My current process using asp mvc is:

  1. Talk to the client a few times to find out what they want
  2. Extract from m y notes a list of nouns, or entities that need to be tracked.
  3. Make a list of the business rules to be enforced.
  4. Build the database, based of the list of entities.
  5. Do a wireframe that roughly lays out all the UI screens.
  6. Start coding models/classes for each entity.
  7. Start coding the UI views
  8. Go back and forth tweaking, modifying, redoing bits that I forgot, etc
  9. Suddenly get done and verify all the business rules are in place.
  10. Ship it.

I feel my process is very inefficient, because I almost always get half way through and realize I have forgotten 3 tables, or some of the tables I have are not needed, or actually I am going to code this another way, etc, etc. Is this normal? I mean, if the architecture process is done correctly, can you foresee most, if not all, problems in the development cycle so there isn't so much redo?

I know architecting is an established profession / process. I guess I am wondering if I am close to a workable method and just need to tweak some things, or am I totally off and need to grab a good book?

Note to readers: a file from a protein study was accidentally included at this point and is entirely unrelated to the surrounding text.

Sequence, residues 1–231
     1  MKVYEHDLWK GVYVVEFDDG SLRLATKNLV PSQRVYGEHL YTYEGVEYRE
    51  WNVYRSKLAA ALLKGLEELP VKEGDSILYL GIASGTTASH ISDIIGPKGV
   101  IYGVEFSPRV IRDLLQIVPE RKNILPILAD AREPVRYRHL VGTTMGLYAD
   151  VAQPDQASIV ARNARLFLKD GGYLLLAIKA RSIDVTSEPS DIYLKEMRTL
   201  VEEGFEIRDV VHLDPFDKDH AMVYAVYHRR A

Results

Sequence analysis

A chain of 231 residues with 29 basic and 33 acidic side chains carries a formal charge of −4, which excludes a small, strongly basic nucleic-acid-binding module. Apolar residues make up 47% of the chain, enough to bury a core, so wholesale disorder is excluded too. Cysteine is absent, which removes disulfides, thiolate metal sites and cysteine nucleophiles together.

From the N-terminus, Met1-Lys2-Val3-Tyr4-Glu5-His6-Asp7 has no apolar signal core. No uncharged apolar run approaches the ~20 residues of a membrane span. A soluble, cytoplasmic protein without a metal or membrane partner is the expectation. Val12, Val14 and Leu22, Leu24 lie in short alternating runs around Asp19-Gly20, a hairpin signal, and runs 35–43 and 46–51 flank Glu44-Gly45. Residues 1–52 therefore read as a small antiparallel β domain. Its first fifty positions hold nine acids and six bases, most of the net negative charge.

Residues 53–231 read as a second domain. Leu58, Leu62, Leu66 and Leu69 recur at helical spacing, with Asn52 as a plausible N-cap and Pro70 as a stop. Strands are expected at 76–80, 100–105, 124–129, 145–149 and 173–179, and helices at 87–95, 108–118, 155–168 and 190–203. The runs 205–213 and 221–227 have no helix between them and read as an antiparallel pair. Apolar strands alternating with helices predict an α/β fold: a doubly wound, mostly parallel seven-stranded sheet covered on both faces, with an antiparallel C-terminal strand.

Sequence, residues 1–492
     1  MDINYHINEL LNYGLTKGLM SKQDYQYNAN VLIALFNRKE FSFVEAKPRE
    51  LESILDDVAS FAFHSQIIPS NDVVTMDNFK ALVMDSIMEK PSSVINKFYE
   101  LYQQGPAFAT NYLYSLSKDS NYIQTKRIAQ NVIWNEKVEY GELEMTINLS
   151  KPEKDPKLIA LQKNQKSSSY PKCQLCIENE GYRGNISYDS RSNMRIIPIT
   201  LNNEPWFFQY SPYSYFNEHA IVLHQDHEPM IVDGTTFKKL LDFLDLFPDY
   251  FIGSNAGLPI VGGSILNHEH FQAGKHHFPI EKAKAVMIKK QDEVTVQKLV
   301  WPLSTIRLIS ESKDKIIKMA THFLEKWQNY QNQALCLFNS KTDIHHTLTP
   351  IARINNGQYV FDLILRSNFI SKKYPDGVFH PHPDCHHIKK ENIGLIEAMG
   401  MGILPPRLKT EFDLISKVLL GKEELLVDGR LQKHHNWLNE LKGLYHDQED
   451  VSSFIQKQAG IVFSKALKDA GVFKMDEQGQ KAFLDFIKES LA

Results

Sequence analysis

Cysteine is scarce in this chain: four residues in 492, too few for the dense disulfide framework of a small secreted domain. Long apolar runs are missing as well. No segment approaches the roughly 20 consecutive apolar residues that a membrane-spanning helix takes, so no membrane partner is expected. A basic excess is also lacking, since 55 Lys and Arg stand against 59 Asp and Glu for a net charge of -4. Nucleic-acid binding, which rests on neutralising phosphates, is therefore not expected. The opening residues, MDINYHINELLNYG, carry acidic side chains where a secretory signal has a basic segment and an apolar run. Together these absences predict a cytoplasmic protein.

• 1
    Your process sounds pretty good to me. Do you obtain use cases? – Robert Harvey Aug 10 '16 at 21:35
  • @Robert - Not really,well kind of. I do talk to a couple different users to get a couple different perspectives, then I code to the common denominator. – BattlFrog Aug 10 '16 at 21:38

The answer you really need here is probably not related to the architecture, but rather to the development methodology. All steps do make sense, but you need to make the process iterative and draw the work breakdown structure so that some of the decisions can be done lately without major impact on overall system design. For that you can look at agile methodologies like SCRUM (if you are working alone, this will be more inspirational than really useful, but it helps to look at the process systematically). Also, you may consider some useful practices:

  1. Collect your notes from customer interviews in form of user stories: "as a some kind of user I want to... so that I'll get/achieve..."
  2. Besides nouns use also adjectives (they help to build hierarchies of classes) and verbs (which define user actions and operations).
  3. Test your wireframe prototypes on user stories (can they be achieved and how efficiently?) and log the results as customer journey maps to figure out gaps and obstacles for users to achieve their goals.
  4. Design your component architecture loosely coupled, so that late changes in requirements and/or your analysis will have minimal impact on your code.
  5. Work in small iterations, at the end of each, deliver working code that can be demonstrated to client ("Today I'll show you the shopping cart UI...") and tested. Early feedback is important.

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